Using non-ascii symbols
jstroud at ucla.edu
Tue Jan 24 04:16:52 CET 2006
Christoph Zwerschke wrote:
> On the page http://wiki.python.org/moin/Python3%2e0Suggestions
> I noticed an interesting suggestion:
> "These operators ≤ ≥ ≠ should be added to the language having the
> following meaning:
> <= >= !=
> this should improve readibility (and make language more accessible to
> This should be an evolution similar to the digraphe and trigraph
> (digramme et trigramme) from C and C++ languages."
> How do people on this group feel about this suggestion?
> The symbols above are not even latin-1, you need utf-8.
> (There are not many usefuls symbols in latin-1. Maybe one could use ×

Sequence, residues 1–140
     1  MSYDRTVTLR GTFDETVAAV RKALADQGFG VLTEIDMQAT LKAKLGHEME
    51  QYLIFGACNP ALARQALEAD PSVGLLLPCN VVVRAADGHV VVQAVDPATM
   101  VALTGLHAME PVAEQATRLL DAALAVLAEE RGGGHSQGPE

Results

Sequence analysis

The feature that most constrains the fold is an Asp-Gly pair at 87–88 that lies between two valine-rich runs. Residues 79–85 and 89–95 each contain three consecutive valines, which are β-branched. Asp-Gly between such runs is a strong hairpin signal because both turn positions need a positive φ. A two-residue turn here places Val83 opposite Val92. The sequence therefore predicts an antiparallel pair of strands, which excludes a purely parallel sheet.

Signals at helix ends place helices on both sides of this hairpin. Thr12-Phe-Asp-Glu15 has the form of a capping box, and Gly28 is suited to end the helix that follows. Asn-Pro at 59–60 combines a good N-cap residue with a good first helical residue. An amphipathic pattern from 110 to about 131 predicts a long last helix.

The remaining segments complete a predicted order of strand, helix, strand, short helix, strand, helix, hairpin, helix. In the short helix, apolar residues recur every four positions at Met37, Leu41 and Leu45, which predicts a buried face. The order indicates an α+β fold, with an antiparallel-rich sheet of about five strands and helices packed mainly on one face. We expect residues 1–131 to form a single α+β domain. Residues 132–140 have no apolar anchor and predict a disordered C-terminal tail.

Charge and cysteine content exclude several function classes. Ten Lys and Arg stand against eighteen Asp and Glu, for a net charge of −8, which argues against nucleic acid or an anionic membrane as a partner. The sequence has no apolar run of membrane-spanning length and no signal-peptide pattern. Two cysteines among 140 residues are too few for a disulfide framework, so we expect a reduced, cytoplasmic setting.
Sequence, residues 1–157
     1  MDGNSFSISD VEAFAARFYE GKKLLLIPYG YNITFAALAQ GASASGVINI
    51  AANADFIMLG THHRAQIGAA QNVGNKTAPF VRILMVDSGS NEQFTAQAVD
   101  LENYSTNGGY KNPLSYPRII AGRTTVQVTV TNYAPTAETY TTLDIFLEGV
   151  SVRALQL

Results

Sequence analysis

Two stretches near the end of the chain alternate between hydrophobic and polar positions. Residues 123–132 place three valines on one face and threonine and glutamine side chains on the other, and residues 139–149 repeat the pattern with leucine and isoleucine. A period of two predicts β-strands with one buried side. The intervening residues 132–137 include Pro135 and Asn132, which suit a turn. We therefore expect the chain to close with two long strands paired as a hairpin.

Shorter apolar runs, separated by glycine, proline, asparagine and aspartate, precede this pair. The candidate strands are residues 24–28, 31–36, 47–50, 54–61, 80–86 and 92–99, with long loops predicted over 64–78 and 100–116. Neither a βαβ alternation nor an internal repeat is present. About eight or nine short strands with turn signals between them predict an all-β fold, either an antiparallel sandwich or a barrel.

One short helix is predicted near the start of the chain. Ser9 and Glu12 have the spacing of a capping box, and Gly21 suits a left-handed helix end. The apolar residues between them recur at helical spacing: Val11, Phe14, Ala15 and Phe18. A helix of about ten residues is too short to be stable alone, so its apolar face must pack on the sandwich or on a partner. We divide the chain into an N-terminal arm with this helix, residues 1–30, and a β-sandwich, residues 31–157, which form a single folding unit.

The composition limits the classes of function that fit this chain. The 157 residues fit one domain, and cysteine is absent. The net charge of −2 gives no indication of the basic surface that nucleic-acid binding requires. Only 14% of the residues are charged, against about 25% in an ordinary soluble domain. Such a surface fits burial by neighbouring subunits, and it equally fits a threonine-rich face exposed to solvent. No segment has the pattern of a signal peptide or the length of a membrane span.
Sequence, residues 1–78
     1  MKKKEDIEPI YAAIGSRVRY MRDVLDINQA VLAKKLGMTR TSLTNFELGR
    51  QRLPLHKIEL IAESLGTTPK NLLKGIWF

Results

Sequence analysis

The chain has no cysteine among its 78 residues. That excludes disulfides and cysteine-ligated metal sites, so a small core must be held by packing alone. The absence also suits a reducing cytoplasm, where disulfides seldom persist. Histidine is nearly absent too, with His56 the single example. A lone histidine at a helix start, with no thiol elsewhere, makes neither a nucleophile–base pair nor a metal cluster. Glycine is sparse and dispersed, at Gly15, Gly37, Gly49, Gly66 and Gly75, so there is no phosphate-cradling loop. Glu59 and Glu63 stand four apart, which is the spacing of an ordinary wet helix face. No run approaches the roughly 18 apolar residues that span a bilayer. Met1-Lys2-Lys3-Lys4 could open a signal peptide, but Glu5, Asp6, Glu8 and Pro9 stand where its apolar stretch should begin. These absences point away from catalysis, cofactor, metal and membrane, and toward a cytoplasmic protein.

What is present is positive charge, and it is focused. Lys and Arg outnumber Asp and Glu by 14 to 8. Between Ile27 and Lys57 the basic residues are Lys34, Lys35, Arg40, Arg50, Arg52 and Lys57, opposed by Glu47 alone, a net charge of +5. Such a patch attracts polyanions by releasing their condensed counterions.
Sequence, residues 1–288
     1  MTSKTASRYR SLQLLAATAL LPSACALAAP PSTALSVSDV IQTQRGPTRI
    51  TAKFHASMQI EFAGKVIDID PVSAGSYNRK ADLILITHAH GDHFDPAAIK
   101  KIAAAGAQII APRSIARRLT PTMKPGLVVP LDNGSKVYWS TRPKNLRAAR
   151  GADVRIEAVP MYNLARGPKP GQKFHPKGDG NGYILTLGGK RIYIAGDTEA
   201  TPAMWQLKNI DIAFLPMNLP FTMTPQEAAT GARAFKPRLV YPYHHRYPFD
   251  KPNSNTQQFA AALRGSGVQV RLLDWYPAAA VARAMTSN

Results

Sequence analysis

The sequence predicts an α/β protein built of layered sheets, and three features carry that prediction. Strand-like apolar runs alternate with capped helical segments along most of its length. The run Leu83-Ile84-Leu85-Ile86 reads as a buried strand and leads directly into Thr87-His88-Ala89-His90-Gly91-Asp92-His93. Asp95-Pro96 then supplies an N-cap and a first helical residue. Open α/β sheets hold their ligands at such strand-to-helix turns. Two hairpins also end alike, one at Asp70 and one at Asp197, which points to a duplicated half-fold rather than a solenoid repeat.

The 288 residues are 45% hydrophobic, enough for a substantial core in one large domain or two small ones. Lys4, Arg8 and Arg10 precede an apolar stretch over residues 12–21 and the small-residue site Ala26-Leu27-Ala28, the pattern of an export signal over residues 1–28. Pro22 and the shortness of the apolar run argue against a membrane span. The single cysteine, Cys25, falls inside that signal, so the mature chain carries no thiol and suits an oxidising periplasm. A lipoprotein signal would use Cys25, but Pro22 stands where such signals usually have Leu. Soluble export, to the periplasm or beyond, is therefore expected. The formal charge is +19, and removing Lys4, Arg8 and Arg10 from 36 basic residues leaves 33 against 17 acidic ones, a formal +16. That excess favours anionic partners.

> for cartesian products...)
> And while they are better readable, they are not better typable (at
> least with most current editors).
> Is this idea absurd or will one day our children think that restricting
> to 7-bit ascii was absurd?
> Are there similar attempts in other languages? I can only think of APL,
> but that was a long time ago.
> Once you open your mind for using non-ascii symbols, I'm sure one can
> find a bunch of useful applications. Variable names could be allowed to
> be non-ascii, as in XML. Think class names in Arabian... Or you could
> use Greek letters if you run out of one-letter variable names, just as
> Mathematicians do. Would this be desirable or rather a horror scenario?
> -- Christoph
I can't find "≤, ≥, or ≠" on my keyboard.
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